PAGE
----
Next Chapter: Teaching English in South Korea
Teaching English in South Korea
Well, it’s about that time again. I’m working through a checklist marking off items like “sell car”; “apply for visa”; “study language”; “file taxes”; “book flight”; and “print/organize documents”. You know what that means?! It sounds like it’s time for another long-term trip. Only this time on my checklist there are also points like “review teaching material” and “complete online pre-training”. Yes. It’s time to announce my next big adventure and new experience. In just ten days I will begin teaching English in South Korea!
Teaching abroad has been something I’ve considered since college. In the last three years I’ve bounced around in both jobs and location. Finally, the point in my life has come where teaching abroad for one year plays into my plan perfectly.
Last spring I decided to pursue this goal. I felt ready to take on a more challenging role than just working temporary jobs and bartending. As much as I love traveling and hopping around to different places whenever I please, I do feel my desire to stay in one place for a longer time is growing. I also want a solid work experience I can be proud of and can refer to when I speak with possible future employers. Teaching English abroad is my happy medium between the travel life and the professional life.
International work experience is always invaluable; But teaching is a way in which I feel I can have a positive impact. This is also an opportunity for myself to grow personally and professionally.
About the Job
I will be teaching through a program called, “EPIK” (English Program in Korea). It is sponsored by the Korean Ministry of Education. As a government employee, I will be working in a Korean public school. My contract is for one year (end of February 2017-end of February 2018) with an orientation/training for about one week in Korea before my contract begins.
EPIK has placed me with the MOE (Metropolitan Office of Education) of Daejeon. Daejeon is located about 1-hour by high-speed train from Seoul with a population of approximately 1.5 million. It is the fifth largest metropolitan city in South Korea.
I requested Daejeon because I felt like it was the perfect-sized city. I knew Seoul would be too overwhelming for me (I read that it’s about the same population as New York City, but in ten times less the amount of space). However, it’s definitely still big enough to have plenty of things to see and do! It’s also in the center of the country so when I do want to venture out and explore I don’t have to travel too far.
I won’t know the specific school I will be teaching at until the end of the orientation in Korea, nor the age level of my students. It’s a little nerve-wracking not knowing, but I’m just trying to go with the flow.
I will be working with a Korean co-teacher helping him or her conduct his or her English class. It is possible I will work at more than one school and will have more than one co-teacher. However, this is another bit of information I will not know until I get there.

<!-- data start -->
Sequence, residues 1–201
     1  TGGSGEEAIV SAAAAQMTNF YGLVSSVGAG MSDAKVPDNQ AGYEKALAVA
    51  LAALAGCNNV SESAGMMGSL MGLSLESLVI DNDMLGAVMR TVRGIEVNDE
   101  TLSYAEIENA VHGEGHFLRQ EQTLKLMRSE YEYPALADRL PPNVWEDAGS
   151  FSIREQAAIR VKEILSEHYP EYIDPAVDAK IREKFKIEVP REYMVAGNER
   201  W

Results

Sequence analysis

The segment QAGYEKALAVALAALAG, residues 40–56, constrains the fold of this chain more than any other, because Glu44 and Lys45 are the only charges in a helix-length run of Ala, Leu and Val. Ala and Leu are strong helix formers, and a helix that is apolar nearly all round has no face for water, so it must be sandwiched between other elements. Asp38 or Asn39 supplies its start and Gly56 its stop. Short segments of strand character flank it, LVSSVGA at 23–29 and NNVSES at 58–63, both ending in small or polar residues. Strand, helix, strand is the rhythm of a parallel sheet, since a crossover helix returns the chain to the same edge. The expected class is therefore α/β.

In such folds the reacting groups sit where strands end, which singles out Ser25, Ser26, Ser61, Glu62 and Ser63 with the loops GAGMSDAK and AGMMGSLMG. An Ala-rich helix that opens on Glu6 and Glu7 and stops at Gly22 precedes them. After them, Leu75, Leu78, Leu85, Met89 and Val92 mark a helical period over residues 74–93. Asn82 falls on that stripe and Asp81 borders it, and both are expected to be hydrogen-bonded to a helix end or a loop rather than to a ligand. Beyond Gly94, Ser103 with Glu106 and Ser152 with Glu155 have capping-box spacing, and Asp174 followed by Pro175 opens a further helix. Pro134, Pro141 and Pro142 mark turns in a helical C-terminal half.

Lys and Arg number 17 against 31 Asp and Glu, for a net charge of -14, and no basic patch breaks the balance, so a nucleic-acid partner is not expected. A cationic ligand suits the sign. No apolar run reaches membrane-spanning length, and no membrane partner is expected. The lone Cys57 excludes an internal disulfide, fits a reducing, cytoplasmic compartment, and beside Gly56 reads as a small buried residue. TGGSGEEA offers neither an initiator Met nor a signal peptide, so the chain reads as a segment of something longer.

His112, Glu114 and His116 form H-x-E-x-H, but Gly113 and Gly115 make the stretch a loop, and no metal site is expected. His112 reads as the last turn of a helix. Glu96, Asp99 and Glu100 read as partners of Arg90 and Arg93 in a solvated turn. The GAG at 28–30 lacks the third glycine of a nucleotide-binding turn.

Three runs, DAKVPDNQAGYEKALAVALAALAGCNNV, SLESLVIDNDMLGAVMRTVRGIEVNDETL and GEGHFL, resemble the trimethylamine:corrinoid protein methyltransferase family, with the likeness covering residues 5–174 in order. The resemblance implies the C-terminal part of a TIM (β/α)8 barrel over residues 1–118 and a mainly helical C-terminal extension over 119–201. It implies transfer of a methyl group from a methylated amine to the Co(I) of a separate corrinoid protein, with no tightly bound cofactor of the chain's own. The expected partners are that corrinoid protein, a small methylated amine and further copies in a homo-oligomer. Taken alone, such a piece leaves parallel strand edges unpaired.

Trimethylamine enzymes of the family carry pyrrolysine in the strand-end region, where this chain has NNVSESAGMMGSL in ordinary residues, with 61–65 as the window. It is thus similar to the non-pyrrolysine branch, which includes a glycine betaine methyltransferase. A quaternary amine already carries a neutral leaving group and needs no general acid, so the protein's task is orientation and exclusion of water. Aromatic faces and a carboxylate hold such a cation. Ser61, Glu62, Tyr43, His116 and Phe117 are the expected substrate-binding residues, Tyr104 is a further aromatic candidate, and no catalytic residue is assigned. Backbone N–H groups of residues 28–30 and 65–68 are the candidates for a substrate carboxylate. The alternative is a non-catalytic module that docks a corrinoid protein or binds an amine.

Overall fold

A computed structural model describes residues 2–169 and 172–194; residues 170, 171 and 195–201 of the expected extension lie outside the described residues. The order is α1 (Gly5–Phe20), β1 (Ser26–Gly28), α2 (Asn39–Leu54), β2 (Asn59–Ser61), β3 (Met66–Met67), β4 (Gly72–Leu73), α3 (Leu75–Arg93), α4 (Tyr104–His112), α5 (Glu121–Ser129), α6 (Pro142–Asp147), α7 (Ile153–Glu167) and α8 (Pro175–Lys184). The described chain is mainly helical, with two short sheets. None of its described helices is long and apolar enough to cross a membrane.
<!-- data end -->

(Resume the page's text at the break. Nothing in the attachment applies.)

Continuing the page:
I chose to teach English in South Korea, specifically, because of the benefits the program offers. The Republic of Korea is one of the most popular destinations to teach English because of this aspect. EPIK provides its teachers with:
- Free furnished housing
- Settlement allowance
- Entrance/Exit Allowance of 1,300,000 KRW (roughly $1,100) to pay for my flight entering and exiting Korea and other travel-related fees. Paid once at the start of the contract and once at the end of the contract.
- Severance pay for teachers who successfully complete their contract (equal to one month’s pay)
- Medical insurance- 50% contribution from my employer, 50% deducted from my monthly paycheck (approximately 2.95%)
- Tax-exempt income for the first 2 years *this varies depending on which country you are a citizen*
- 13-15 national holidays
- 18 paid vacation days
- 50% pension plan which can be given back to me in a lump-sum when I leave Korea *Again, varies by citizenship*
- Competitive pay ranging from 1.8-2.7 million KRW (about $1,500-$2,300) per month depending on education and experience. This is one of the highest salaries for English teachers teaching abroad.
South Korea was also appealing to me because of its unique blend of modernization and traditionalism. I’m interested in learning more about its culture, and using South Korea as a base to travel around Asia during my vacation days and after my contract is completed.
I should also add a side note about another important aspect as to why I chose South Korea. The Republic of Korea also offers a Working Holiday Visa to French citizens for one year. This means my boyfriend and I can live and work in the same country without much visa-related hassle!
The basic requirements needed to teach English in South Korea are:
- Be a citizen of a country where English is the primary language
- Have a good command of the English language
- Hold a minimum of a Bachelor’s degree from an accredited university
- Be mentally and physically healthy